Continuous coverage is necessary for management of a chronic disease, which is a large medical issue afflicting the U.S. This is important because 20 percent of all Americans have multiple chronic conditions that need treatment and continuous coverage, and because of this almost 80 percent of all health care spending is on patients with chronic conditions. Currently, 66 percent of Medicare spending is for patients with five or more chronic conditions. Patients with chronic conditions account for 76 percent of inpatient stays, 72 percent of physician visits, 88 percent of prescriptions and 96 percent of home health care visits; consequently, chronic conditions account for a large amount of health care costs.
To prevent unnecessary hospitalization and control costs, an insured population needs access to primary care physicians and/or a medical home. Having a personal physician would cut down on these medical costs by continually knowing a person’s medical background and helping to focus on preventing disease before it starts. If a disease cannot be prevented, a personal physician would help identify the disease processes early, making the disease more affordable to treat. These physicians would practice evidence-based medicine to slow disease progression and be able to coordinate individualized care for their patients.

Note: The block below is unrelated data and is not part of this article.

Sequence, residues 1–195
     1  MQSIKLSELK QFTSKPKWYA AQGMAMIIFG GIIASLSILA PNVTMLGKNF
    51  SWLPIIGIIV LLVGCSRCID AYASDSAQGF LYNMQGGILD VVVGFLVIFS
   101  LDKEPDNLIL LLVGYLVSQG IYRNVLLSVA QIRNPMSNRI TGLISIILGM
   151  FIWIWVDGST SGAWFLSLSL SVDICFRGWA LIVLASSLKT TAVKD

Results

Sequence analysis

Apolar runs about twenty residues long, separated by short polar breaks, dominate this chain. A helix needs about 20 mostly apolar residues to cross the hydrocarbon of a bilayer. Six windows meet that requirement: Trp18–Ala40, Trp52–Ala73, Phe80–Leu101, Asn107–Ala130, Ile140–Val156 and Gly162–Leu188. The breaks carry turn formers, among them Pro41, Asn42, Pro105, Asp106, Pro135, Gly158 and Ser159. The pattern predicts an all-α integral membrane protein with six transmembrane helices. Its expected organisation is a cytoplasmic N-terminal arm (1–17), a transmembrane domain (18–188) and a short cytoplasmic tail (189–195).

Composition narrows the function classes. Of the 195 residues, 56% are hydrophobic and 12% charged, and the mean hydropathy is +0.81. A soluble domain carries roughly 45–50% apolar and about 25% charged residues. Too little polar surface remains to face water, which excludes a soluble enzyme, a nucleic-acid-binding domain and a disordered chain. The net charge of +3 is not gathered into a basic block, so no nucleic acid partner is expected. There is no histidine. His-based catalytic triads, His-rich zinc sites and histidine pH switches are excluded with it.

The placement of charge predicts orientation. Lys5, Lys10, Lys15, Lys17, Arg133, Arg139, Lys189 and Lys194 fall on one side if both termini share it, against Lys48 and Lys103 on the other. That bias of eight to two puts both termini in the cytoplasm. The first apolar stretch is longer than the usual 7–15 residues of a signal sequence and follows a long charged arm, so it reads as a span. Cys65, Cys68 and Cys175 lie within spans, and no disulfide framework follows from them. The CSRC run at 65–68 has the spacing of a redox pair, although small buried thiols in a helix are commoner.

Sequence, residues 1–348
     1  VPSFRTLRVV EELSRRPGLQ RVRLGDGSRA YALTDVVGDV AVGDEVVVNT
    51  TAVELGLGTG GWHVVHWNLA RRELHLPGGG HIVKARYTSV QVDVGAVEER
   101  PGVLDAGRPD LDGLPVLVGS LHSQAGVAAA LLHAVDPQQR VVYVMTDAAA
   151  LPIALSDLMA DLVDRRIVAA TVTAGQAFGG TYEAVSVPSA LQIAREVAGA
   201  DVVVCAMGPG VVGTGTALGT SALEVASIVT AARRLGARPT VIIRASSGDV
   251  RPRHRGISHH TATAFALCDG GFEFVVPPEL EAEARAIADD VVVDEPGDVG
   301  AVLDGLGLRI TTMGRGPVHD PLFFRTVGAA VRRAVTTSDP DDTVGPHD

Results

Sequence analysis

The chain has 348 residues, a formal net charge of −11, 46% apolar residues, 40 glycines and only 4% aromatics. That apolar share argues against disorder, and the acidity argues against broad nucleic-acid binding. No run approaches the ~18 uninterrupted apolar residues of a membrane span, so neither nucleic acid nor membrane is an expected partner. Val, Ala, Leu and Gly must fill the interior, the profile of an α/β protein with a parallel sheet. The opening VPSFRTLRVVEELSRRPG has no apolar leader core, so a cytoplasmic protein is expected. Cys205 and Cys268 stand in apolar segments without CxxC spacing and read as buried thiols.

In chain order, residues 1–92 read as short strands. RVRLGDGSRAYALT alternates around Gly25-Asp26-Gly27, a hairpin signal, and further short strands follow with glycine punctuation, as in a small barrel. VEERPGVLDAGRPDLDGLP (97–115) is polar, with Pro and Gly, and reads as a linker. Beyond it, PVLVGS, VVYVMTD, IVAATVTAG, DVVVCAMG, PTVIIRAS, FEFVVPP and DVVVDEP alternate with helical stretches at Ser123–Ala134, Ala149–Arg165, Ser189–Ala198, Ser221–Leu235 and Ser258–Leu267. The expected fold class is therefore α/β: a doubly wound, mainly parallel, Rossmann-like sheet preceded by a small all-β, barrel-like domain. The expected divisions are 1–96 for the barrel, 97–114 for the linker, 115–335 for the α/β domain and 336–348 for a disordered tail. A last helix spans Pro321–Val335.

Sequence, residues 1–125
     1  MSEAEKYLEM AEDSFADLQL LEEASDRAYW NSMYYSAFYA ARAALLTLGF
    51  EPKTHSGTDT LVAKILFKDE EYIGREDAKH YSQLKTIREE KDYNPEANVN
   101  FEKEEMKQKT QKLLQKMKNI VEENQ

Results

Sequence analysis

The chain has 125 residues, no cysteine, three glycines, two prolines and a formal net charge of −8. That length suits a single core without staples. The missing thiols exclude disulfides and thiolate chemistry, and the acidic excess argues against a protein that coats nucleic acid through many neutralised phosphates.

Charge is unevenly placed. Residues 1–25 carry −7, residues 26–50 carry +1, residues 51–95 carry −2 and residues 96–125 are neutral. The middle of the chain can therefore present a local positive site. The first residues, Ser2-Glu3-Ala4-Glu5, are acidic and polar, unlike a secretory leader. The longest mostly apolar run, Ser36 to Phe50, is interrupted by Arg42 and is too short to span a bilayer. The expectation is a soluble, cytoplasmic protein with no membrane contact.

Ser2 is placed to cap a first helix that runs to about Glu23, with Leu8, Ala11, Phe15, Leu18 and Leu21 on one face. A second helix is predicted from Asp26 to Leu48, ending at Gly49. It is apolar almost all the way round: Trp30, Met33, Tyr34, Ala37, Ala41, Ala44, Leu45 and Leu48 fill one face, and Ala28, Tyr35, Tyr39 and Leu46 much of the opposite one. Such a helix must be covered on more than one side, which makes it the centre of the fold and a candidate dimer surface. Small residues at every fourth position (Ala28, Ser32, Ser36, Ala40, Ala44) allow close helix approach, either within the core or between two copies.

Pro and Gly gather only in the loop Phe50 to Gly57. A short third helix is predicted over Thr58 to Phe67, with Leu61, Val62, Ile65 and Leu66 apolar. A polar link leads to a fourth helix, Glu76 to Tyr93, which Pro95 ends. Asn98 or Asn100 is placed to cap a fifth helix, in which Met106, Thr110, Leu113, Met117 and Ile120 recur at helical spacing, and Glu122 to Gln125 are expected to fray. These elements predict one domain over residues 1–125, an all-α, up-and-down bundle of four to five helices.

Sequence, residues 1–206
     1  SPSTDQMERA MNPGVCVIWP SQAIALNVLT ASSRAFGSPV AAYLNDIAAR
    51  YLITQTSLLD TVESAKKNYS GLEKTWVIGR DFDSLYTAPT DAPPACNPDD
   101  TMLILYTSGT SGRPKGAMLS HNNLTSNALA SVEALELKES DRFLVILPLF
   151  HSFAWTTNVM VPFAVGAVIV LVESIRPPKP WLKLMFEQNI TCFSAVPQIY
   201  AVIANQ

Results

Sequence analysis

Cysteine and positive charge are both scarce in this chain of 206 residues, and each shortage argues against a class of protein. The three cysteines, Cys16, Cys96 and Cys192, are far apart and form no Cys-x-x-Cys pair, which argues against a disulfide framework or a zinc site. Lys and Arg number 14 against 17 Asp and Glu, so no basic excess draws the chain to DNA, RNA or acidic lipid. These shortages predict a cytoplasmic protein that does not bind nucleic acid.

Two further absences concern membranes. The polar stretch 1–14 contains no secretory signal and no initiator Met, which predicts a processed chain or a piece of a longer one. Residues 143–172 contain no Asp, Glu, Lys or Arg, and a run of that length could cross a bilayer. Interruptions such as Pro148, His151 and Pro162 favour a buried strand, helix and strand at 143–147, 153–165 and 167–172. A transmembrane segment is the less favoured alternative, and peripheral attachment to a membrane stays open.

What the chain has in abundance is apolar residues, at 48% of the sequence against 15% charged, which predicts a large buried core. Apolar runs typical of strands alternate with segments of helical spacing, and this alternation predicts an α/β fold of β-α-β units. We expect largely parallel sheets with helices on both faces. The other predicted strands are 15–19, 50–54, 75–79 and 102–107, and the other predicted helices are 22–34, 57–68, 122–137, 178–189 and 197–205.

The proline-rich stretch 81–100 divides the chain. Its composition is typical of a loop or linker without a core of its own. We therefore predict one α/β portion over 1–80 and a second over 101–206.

The consequences of lapses in continuous care include increased morbidity and mortality. Uninsured patients, at time of diagnosis of cancer, were 1.6 times more likely to die in five years than those with insurance and have age-specific mortality rates that are 25 percent higher than privately insured adults. This means that in the year 2000, there were 18,000 avoidable deaths among adults ages 25-64 due to lack of health insurance. Uninsured parents rarely have insured children; lack of routine health care affects development in children, which creates chronic problems and makes them less healthy coming into adulthood.